Twitter will be acquired by an entity wholly owned by Elon Musk for $54.20 per share in cash in a $44 billion transaction; once complete, Twitter will be a privately held corporation (about six months before the 2022 midterms). The notably litigious Musk says the vast investment supports his interest in “free speech.” The Washington Post, owned by the world’s second richest man, reports that the deal will “put Twitter in the hands of the world’s richest man and one of its most popular users, with more than 83 million followers… Musk is worth about $259 billion according to the Bloomberg Billionaire’s Index, but much of his wealth is tied up in stock.” MSNBC’s Chris Hayes: “Become pretty clear over the past few years that Musk, like Trump, has one true gift perfectly suited for the age: getting attention. The Twitter acquisition makes a lot of sense.” CNN: “Musk has repeatedly stressed in recent days that his goal is to bolster free speech on the platform and work to ‘unlock’ Twitter’s ‘extraordinary potential.'” Economics blogger Joseph Politano: “The clear financial benefit for Elon Musk doesn’t come from Twitter’s returns per se but from his ability to leverage social media to get retail investors to pile into Tesla and his other holdings.” Bloomberg Opinion’s Tim O’Brien: “Musk’s Twitter deal math is sketchy—he’s going to saddle it with billions of dollars of debt, possibly suffocating it. More important: He isn’t up to the task of running a social media company in an era of dangerous and divisive viral propaganda.” Emily Bell, professor Columbia Journalism School: “Taking a moment to think about how utterly crazy it is that in 2022 a company with a significant dataset of private and public communications, that has municipalities, companies and governments on the platform, can switch ownership with pretty much zero scrutiny.” Bell rues the potential loss “for journalists in parts of the world that need urgent real-time communications means at low cost.”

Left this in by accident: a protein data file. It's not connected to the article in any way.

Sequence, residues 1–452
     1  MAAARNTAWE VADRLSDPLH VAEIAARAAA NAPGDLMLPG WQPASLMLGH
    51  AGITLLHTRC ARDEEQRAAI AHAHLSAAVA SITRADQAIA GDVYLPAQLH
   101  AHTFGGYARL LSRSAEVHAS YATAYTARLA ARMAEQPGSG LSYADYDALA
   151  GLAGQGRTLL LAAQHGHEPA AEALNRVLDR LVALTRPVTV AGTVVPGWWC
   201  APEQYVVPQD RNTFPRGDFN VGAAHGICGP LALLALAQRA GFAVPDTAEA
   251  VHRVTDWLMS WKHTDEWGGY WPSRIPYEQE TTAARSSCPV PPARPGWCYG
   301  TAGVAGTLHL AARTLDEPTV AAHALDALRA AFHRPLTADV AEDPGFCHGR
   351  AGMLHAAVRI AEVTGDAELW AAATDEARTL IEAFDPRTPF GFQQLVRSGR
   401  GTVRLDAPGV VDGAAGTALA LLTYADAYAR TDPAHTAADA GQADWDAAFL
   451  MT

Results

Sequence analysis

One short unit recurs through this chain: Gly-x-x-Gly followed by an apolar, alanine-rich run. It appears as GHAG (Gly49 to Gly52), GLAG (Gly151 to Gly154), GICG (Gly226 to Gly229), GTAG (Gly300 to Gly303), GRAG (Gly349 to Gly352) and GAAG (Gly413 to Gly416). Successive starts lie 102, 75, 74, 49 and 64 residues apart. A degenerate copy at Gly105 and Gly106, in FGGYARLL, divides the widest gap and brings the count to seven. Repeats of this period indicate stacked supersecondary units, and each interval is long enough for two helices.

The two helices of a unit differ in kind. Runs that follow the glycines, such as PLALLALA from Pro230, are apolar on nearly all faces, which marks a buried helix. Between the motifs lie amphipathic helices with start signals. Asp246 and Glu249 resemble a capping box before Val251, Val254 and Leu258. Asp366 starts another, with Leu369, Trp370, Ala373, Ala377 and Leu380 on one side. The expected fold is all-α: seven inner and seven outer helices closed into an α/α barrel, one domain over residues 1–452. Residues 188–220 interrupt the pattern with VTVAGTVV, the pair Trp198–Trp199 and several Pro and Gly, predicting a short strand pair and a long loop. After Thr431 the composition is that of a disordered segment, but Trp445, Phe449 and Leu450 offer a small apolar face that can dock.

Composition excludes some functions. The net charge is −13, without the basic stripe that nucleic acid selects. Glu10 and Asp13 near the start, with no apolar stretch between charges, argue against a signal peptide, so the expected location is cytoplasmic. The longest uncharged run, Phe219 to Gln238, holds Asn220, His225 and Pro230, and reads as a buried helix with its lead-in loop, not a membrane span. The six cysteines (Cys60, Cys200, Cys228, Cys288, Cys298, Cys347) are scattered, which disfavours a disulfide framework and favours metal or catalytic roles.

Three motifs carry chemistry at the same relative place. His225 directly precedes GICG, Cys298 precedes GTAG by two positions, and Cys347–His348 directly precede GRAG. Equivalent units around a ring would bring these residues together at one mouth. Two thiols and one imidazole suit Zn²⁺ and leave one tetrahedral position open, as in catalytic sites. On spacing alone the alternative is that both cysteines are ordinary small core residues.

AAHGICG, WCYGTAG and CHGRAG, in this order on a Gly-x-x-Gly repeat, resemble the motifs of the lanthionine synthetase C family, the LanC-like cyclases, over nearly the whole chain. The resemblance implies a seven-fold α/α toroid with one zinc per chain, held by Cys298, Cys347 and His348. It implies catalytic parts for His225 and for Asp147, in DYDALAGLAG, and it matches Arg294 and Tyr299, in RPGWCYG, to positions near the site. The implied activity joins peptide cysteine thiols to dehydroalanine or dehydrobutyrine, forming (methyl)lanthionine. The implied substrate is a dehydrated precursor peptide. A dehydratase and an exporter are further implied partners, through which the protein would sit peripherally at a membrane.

Robert Reich: “Musk’s real goal has nothing to do with the freedom of others. His goal is his own unconstrained freedom–the freedom to wield enormous power without having to be accountable to laws and regulations, to shareholders, or to market competition.” Journalist Judd Legum of Popular Information: “I have no idea if Musk will be able to buy Twitter and, if he does, how Twitter might change. But it underscores the importance of making sure you do not rely exclusively on algorithms controlled by tech companies to get your news. Take control of your information flow now.” James Ball, editor of The Bureau: Musk buying Twitter “would mark the moment social networking sites went from what would make you rich in the first place, to being the trophy asset you buy once you are. Maybe social networks are like newspapers after all.” From Musk’s statement: “I also want to make Twitter better than ever by enhancing the product with new features, making the algorithms open source to increase trust, defeating the spam bots, and authenticating all humans.”